The Beatles’ infamous ‘Let It Be’ movie finally available to stream

May 10, 2024
Photo by Evening Standard/Hulton Archive/Getty Images

In May 1970, The Beatles released two powerful closing statements: their final album Let It Be and the documentary film of the same name. 

While the album took its place in rock history, the movie had a far more mixed reception. Following a home video release in the early 1980s it was quietly shelved, remaining out of official circulation for more than 40 years — until now.

Let It Be is now legally available to stream on Disney+, looking and sounding far crisper than the worn-out bootlegs many fans are accustomed to, thanks to a restoration effort led by filmmaker Peter Jackson.

Originally known as Get Back, the project was Paul McCartney’s attempt to bring the band back to their live rock ‘n’ roll roots, setting aside the melodic and technical complexity of their later records. 

Film director Michael Lindsay-Hogg was charged with documenting the lead-up to a concert; the band’s first since they quit touring several years prior.

The cameras captured many moments that would become iconic: arguments and tensions between band members, the sight of Yoko Ono quietly watching from the sidelines, the famous impromptu rooftop concert, and John Lennon’s famous closing quip “I hope we passed the audition”.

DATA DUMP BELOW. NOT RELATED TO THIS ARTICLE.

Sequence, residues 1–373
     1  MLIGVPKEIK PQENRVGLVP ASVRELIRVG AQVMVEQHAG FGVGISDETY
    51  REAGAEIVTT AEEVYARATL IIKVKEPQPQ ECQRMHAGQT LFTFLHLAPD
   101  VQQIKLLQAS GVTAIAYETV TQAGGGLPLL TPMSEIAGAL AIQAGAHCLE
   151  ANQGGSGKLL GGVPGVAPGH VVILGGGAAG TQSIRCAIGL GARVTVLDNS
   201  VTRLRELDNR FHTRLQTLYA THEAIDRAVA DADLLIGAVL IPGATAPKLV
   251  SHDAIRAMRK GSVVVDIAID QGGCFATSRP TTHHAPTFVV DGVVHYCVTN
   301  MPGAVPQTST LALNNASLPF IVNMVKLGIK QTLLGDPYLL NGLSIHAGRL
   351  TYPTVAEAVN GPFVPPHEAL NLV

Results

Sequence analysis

Both album and film spent the following year in limbo, during which the band enjoyed one final period of creativity and finished their last recorded album, Abbey Road.

Read more: Listen to ‘Now and Then’, the Beatles’ final song

When the Let It Be project finally saw release, McCartney had just publicly announced his departure from The Beatles. As such — though it was never intended as a swan song — many critics and fans came to see the movie as a document of the band’s breakup; an association that grew considerably in the decades since.

This reputation was challenged in 2023 when Peter Jackson released his own documentary of the same sessions, the eight-hour companion series Get Back, also on Disney+. Charting every day of the process, it offered far more context than the disjoined original film, revealing the period to be a largely joyful period of creativity between friends, if interspersed with moments of tension. 

The new restored film opens with a short conversation between Jackson and original director Lindsay-Hogg, who explained he felt the original film “never got a fair shake” due to bad timing. 

“Finally it’s going to get a chance to be embraced for the curious and fascinating character that it is.”

Just days after re-release, the original film is already being viewed in a new context by fans and critics.

“In 1970, it looked like a portrait of the Beatles breaking up,” wrote Variety. “Now it looks like the first rock ‘n’ roll reality show — and a vision of them coming together.”

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